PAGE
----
Salesforce.com’s PaaS Unification Might Start Now

Salesforce.com has two unequal brothers in the platform-as-a-service (PaaS) space. While force.com is the basis and natural extensibility platform for the core CRM system, the Heroku platform acquired at the end of 2010 addresses developers with open source stacks. The two of them could not be more different. Force.com is an application-centric PaaS that attracted a huge ecosystem building add-ons around Salesforce.com’s Sales, Service, and Marketing application. They all work together somehow because of the very limited freedom for developers. All apps usually start with the same canonical CRM data model, use the same data object store, use the same proprietary programing language (APEX), and use the same user interface techniques. That’s why force.com apps or add-ons fit nicely into the business buyer's perspective.

Heroku, on the other hand, focuses more directly on developers. It is a foundational PaaS and offers wide freedom to pick different open source programming environments and tools. The elastic resource management is especially attractive when building apps like Facebook add-ons with unpredictable performance demands. Although many apps on Heroku leverage the Heroku Postgres service as an SQL store, all apps differ in terms of data model and architecture. As a result, there is much less interoperability among them compared with force.com. In this report, Forrester provides clients with an overview of different PaaS capabilities, while our recent Forrester Wave™ evaluation of public cloud platforms compares the Heroku/force.com duo with the major alternatives.

Until now, Salesforce.com has basically sold these two different platforms independently. This wasn't really an obstacle, as the “social and Facebook” app developer in most companies had little in common with the enterprise application developer extending the CRM system. But we have now entered the age of the customer, connecting the customer engagement done in many cases through apps on Heroku with the internal customer relationship management offered by Salesforce.com’s CRM and its add-ons on force.com. Forrester’s age of the customer terminology maps nicely to Salesforce.com’s “Connected Customer” -- the Salesforce1 platform story. The marketing buzz that's been around since the Dreamforce event has now been followed by a major announcement and direct general availability, bringing the Heroku and the force.com platforms closer than ever.

Salesforce.com has announced a bundle consisting of Heroku (including new capabilities) and the force.com platform; it mainly targets existing CRM customers under the name of “Salesforce1 Connected Customer App Package.” These are the most important new capabilities:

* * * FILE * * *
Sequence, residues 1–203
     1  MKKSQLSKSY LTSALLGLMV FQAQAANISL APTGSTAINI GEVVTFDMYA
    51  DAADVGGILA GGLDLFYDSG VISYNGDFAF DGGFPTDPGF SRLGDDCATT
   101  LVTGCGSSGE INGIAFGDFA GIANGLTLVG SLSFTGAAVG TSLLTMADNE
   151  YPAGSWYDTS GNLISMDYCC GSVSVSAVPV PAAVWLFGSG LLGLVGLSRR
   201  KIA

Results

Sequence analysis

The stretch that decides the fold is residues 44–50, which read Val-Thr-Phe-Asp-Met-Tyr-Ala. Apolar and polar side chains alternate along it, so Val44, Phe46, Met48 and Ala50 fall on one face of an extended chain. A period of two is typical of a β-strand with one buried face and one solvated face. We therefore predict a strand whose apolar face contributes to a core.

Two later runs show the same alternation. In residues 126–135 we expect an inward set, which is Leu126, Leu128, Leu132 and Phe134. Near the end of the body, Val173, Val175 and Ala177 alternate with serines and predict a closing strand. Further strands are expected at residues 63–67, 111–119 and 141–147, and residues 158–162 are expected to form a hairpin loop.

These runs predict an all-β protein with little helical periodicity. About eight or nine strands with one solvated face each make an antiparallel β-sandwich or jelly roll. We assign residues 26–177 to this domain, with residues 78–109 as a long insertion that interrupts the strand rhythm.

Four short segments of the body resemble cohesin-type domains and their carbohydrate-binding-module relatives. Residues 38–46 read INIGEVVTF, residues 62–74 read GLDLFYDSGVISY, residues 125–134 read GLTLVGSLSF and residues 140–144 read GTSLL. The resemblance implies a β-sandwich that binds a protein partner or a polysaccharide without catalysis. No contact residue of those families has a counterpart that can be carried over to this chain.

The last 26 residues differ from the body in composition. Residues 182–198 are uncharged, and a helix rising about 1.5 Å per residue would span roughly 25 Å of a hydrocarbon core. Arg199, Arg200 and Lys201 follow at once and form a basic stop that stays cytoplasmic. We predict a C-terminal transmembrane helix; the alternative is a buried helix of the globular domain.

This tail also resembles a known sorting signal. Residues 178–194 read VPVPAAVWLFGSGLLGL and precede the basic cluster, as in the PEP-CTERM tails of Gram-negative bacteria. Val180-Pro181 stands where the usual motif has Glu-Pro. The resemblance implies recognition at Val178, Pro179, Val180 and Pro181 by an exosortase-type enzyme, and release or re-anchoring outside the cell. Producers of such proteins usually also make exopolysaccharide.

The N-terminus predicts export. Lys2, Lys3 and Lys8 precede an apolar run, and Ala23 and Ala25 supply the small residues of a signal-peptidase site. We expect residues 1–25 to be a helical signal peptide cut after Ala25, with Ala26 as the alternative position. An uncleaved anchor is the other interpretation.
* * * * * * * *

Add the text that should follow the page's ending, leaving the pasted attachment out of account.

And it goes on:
• Heroku-Connect synchronizes force.com data objects with the PostgreSQL. Many customer-facing apps rely on data from the core CRM. The new feature offers developers an easy way to access replicated data from force.com in the simple SQL way they are used to with Heroku’s PostgreSQL database service.
  • New identity profiles to handle customer access. Already announced but extremely relevant to the new customer engagement scenarios is a use case for Saleforce.com’s identity and access management. Until now, it has mainly been used to give employees unified access to multiple cloud apps and on-premise apps. Now, the same method can be connected to Salesforce.com’s CRM customer records, easily turning every known customer into a user on a customer-facing Heroku application.

“Heroku-Connect” in particular is an overdue feature for the advanced customer who's already using both flavors of PaaS from Salesforce.com. For those using only one of them today, it lowers the barriers to buying into Salesforce.com's unified PaaS mission. It is also essential to consider the new data synchronization as just one option. An ODBC/JDBC connection into the force.com data (done by Progress Software) has been available for some time. Advanced applications might replicate some of the less transactional data (like customer and product data) from force.com into Heroku while keeping financial transactions with greater compliance requirements in the force.com application and simply connecting to it from Heroku in real time.

Critical to the success of the new package of Heroku on top of force.com and Salesforce.com’s application licenses is a new usage- and volume-based pricing. While a SaaS CRM application is simply priced per user today, Heroku's pricing was always based on resource consumption for apps that sometimes didn't even have named users. Balancing both metrics in a merged package is a challenge.

Beyond this, there are many more things on customers’ wish lists when it comes to merging Heroku and force.com. Given the announcement of upcoming force.com data centers in the UK this year and in Germany and France next year, Heroku’s data residency is very high on the list. Most customers outside the US are looking for consistent data privacy. With Heroku still based on Amazon and force.com in a local jurisdiction, real-time access to data will be more attractive than replication in many cases. In the long term, Salesforce.com needs to bring Heroku home to its own data centers simply to meet compliance requirements.

If you are using already one or both of Salesforce.com's PaaS flavors, please leave a comment and let us know what you think of it.

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